Oh, super, Dogecoin is spiking. The joke currency, which as recently as January 27th was worth less than a cent, hit 47 cents this morning, according to Robinhood’s tracker. As I type this, the market cap is more than $51 billion.
The currency is based on an au-courant-as-of-2013 meme of a Shiba Inu, and was intended to satirize bitcoin. Well, kids, the joke’s over. It’s now a top-10 cryptocurrency.
Weird year for finance, honestly. There was the Gamestonk thing which made GameStop stock so valuable, a member of the board of directors had to step down so that he could sell shares without restrictions. (Noted investor David Einhorn accused Elon Musk of pouring “jet fuel” on the January rally; a hedge fund called the top of the January rally based on the Musk tweet and raked in the dough.) Keith “Roaring Kitty” Gill stands to make millions, which he will presumably use to buy fancier headbands. NFT mania seized the world, after artist Beeple — aka Mike Winkelmann — sold an NFT of Everydays: The First 5,000 Days for $69 million. Coinbase went public earlier this week, and closed its first day of trading worth more than the company behind the Nasdaq, the exchange it trades on.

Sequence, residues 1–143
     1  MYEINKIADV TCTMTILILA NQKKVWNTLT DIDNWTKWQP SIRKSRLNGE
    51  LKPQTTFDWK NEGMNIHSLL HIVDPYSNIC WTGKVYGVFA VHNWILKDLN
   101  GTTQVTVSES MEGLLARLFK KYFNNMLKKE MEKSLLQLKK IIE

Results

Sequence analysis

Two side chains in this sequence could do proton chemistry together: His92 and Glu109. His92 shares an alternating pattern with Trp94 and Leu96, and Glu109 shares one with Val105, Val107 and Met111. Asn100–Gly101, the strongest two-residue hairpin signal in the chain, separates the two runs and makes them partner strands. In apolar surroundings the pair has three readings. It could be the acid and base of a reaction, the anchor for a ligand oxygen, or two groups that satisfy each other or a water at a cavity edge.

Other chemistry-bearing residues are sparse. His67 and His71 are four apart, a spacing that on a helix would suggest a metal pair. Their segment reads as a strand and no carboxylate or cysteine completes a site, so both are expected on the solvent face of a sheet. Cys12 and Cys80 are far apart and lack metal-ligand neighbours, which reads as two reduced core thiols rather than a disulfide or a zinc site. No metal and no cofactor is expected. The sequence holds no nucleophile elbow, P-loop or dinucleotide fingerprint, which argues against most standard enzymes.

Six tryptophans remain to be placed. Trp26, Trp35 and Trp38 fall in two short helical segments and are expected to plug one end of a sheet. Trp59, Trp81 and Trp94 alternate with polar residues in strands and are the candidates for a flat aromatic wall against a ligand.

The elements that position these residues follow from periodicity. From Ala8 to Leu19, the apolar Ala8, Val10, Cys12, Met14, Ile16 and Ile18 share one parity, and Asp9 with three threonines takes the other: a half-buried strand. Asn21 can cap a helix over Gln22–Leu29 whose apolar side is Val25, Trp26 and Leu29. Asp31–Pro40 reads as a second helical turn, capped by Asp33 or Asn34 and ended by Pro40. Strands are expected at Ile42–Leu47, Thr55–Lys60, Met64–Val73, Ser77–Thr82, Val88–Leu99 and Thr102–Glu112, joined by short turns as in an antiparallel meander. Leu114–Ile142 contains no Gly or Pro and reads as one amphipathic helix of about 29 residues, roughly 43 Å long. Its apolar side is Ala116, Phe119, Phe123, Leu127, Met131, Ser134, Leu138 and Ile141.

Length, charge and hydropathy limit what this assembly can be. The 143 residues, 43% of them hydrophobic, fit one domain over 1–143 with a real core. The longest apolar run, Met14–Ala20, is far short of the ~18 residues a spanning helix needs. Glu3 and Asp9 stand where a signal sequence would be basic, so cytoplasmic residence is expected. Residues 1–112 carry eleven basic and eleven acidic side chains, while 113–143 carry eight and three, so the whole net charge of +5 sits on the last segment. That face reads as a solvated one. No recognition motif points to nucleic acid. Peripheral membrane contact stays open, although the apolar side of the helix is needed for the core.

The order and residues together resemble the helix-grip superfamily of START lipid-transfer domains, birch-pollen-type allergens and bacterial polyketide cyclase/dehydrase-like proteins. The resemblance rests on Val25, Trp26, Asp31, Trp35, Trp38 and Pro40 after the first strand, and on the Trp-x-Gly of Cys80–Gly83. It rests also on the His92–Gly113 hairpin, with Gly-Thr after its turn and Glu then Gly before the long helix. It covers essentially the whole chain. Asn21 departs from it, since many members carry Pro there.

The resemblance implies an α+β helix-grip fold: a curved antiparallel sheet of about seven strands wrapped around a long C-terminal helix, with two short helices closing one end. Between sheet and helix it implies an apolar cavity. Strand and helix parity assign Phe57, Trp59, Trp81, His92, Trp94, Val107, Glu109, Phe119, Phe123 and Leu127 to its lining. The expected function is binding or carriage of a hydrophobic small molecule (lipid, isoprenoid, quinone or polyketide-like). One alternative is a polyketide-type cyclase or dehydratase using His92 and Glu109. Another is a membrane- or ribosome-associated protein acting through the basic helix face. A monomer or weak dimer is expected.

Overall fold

Last night, Musk — a shitposter with a hobby of being CEO of Tesla and SpaceX — tweeted “Doge Barking at the Moon.” For those of you fortunate enough to have avoided internet-related brainworms: a bunch of people probably thought this was a reference to a phrase used by internet traders, “to the moon.” Musk, who is known for coming to memes late, has called dogecoin his favorite cryptocurrency. In February, he called it “The People’s Crypto.”
Look, it’s not my fault that the interest rate is zero percent — that was always gonna make shit weird, because there’s almost nowhere safe to park your money without losing some of it to inflation. That means a lot more money is sloshing around than usual, which is fueling everything from SPACs to Gamestonk. What worries me is that we could be locked into zero interest rate policy world for as long as five years, which is an awfully long time for memes to mess with actual money. As long as there’s this much money sloshing around, anything goes. Anyway, if you are a hedge fund that called the top on Dogecoin based on an Elon Musk tweet, let me know — I’d love to interview you and find out how that call went.